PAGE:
| #1 (permalink) Mon Aug 03, 2009 22:08 pm Past Simple or Past Perfect? The usage of the time signal "By"
|I have recently come across a very confusing usage differences of the word "by:"
1. By the fourteenth century, conventional battles with knights (had become/became) all but obsolte.
2. By the fourteenth century, knights rarely (had fought/fought) in battle.
3. James McGarken (recorded/had recorded) many of his classics by 1999.
4. By the time we got to the theater, I (was/had been) very tired.
5. By the sixth century B.C., war chariots (were rarely used/had rarely been used) in battle.
6. I (had talked/talked) to James by the time we arrived at the theater.
here are my answers:
had become, fought, had recorded, was, were rarely used, had talked
(though for #4, 'had been' can also be used as long as there is a duration implied,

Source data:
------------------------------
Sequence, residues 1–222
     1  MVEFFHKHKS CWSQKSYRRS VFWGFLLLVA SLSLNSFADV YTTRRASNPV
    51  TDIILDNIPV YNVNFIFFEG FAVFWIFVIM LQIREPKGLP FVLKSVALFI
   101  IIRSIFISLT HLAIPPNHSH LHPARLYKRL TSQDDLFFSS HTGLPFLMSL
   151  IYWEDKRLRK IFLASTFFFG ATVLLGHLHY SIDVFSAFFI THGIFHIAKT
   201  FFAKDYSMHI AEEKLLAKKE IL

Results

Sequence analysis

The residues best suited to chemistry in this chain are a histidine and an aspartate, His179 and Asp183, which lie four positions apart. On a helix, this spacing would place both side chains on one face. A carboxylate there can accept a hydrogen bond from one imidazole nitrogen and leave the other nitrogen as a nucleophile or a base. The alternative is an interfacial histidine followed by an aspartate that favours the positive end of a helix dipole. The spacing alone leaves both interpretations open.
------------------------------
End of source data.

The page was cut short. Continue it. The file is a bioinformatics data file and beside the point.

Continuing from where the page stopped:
as in 'By the time we got to the theater, I had been tired for over an hour.
but that would not be 'past perfect,' that would be in the 'past perfect continuous'
sense... the same logic would apply to #5 as well)
at any rate... why the discrepancies?
why do some contexts sound clearly wrong with simple past tense yet correct
in other contexts? I fail to see the differences, other than the fact that it sounds
blatantly wrong to a trained ear of a native speaker..
is there any clear cut rule for 'by' as far as tenses go?
or are we doomed to find the intended meaning of the sentence and see which
tense is appropriate?
Joined: 03 Aug 2009